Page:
The American Elm Tree Committee of the Men’s Garden Club of Youngstown wants area residents to think about elm trees, especially today, Arbor Day.
Club members would like residents to locate and report “survivor” American elm trees, those that have not succumbed to Dutch elm disease.
American elms are being researched by the U.S. Forest Service, and recently the Forest Service’s Northern Research Station in Delaware, Ohio, initiated an online system for reporting the location of American elms. The online system can be found at http://nrs.fs.fed.us/survivorelms.
Survivor elm trees are essential to re-establishing the elm in forests, floodplains and city boulevards, and they are rare. More than 100,000 American elm trees have been tested for resistance to Dutch elm disease. None were found to be resistant; however, eight trees showed enough tolerance that they survived exposure. Tolerant trees exposed to the fungus show symptoms the year of inoculation but no symptoms the next year.
Now there’s a Web-based system that allows users to quickly and accurately pinpoint the location of a big elm using Google Maps. Information that users enter goes into a database that also generates a map showing the locations of all of the elms reported.
Users identify the general location by entering an address, ZIP code, latitude and longitude or even a place name, such as a forest, park or wildlife refuge. Google Maps shows the area, and from there users can zoom in, pinpoint a tree’s location, then mark the spot with a digital “thumbtack.”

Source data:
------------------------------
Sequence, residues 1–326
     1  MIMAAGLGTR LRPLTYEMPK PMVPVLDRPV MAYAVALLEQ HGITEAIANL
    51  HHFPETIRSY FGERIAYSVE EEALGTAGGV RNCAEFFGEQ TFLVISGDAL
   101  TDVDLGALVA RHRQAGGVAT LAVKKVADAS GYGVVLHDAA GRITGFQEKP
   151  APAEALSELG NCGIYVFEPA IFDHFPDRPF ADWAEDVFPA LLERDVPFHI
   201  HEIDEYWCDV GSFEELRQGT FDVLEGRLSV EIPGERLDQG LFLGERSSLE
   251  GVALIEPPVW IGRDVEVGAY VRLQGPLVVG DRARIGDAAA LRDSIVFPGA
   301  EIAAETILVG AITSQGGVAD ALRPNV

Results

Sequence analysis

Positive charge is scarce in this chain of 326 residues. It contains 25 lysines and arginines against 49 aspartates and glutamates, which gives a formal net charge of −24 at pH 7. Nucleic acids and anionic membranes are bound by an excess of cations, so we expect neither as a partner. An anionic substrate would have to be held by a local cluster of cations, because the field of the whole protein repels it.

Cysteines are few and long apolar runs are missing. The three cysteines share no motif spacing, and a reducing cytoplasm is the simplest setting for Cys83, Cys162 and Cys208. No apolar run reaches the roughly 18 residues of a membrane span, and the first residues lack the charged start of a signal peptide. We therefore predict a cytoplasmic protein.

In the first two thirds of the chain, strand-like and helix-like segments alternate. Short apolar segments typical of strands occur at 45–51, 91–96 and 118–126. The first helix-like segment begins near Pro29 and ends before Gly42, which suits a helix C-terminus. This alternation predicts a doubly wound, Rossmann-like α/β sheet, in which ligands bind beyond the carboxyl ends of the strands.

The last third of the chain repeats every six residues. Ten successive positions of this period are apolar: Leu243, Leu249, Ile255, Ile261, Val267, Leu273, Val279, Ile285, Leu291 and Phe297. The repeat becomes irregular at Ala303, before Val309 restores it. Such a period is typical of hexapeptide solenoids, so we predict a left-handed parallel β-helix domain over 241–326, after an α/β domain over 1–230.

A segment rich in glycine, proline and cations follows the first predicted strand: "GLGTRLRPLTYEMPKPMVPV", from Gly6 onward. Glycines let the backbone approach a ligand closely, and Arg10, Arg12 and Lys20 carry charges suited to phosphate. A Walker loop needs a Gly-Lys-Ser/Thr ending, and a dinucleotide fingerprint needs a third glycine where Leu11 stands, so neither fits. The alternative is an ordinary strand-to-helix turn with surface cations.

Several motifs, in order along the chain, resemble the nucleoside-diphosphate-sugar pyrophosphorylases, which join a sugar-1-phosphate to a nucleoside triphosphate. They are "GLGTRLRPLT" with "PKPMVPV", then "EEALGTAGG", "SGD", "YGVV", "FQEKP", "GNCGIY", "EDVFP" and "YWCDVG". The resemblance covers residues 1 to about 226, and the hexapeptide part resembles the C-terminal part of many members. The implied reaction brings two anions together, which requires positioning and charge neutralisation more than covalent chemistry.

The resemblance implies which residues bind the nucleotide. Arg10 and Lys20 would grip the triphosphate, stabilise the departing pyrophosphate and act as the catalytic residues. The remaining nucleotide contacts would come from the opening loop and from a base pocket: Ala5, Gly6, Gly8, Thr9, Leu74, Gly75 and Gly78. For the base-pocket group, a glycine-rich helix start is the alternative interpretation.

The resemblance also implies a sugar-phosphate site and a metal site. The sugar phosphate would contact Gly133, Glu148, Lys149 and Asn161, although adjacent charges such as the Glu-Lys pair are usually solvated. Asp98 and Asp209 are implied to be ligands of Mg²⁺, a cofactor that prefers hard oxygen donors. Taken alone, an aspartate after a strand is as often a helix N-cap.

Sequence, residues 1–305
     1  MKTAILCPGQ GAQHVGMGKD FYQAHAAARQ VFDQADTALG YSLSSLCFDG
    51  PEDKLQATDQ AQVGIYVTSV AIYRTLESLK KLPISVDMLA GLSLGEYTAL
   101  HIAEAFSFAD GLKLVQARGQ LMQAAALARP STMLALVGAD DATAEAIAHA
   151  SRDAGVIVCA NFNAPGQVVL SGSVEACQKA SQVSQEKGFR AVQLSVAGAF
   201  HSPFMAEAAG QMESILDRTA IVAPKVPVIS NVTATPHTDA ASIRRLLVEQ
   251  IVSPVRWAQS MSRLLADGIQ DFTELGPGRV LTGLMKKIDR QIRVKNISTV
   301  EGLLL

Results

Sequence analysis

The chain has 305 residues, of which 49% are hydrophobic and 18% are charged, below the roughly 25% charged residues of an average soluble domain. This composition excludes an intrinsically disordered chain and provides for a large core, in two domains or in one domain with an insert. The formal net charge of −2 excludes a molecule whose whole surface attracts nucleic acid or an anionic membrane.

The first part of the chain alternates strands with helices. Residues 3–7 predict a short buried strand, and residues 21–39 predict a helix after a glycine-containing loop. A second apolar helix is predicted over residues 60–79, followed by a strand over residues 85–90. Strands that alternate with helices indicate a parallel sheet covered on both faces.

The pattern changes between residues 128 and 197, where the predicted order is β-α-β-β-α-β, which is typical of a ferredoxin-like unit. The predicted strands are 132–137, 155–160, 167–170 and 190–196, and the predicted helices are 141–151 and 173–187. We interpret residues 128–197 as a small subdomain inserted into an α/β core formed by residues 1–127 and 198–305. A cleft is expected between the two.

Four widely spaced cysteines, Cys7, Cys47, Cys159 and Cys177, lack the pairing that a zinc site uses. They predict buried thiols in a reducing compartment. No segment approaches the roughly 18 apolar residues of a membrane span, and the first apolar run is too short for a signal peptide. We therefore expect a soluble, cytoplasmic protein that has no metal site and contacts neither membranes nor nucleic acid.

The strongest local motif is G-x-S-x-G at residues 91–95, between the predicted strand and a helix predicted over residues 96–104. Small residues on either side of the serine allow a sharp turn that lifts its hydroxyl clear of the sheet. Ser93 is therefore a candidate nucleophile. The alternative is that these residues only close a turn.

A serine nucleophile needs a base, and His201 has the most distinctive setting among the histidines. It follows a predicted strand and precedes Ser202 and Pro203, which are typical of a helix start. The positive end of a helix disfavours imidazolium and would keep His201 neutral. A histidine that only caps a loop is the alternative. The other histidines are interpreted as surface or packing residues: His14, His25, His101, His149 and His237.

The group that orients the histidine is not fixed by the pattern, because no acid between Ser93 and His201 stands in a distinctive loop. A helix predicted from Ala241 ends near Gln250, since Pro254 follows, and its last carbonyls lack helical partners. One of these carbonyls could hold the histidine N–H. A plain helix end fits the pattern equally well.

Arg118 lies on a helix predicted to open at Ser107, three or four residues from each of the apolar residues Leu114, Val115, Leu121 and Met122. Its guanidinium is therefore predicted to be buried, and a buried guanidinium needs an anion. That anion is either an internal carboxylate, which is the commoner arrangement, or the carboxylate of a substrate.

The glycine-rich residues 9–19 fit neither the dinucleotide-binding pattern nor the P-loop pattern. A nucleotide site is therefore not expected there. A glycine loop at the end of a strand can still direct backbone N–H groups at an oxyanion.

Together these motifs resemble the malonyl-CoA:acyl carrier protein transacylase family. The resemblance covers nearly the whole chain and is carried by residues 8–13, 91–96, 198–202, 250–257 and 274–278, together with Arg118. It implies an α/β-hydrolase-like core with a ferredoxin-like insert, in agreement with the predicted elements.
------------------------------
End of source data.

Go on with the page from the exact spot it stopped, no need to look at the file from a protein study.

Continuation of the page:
After the site is identified, visitors are asked to describe the tree itself: How big is it, is it healthy or showing signs of DED, and what habitat surrounds it?
Only big trees are old enough to have been exposed to DED and can be considered survivor American elms. Therefore, only trees 24 inches or more in diameter and about 4.5 feet high that show no signs of DED should be reported.
Eventually, researchers want to visit locations reported on the website and collect a branch to propagate a nursery. Then the tree will be injected with DED to determine whether it really is disease tolerant and, if so, it will be cross-pollinated with healthy elms, and the seedlings will be used in forest restoration.
The American Elm Tree Committee of the Men’s Garden Club was formed in 2009 with the following mission:
Share the history of this uniquely American tree.
Promote awareness of the new disease-resistant elms.
Encourage people to include the elm tree in their landscapes.
Encourage communities to plant elm trees in their parks and public spaces.
For information visit the Men’s Garden Club of Youngstown website at mgcy.org.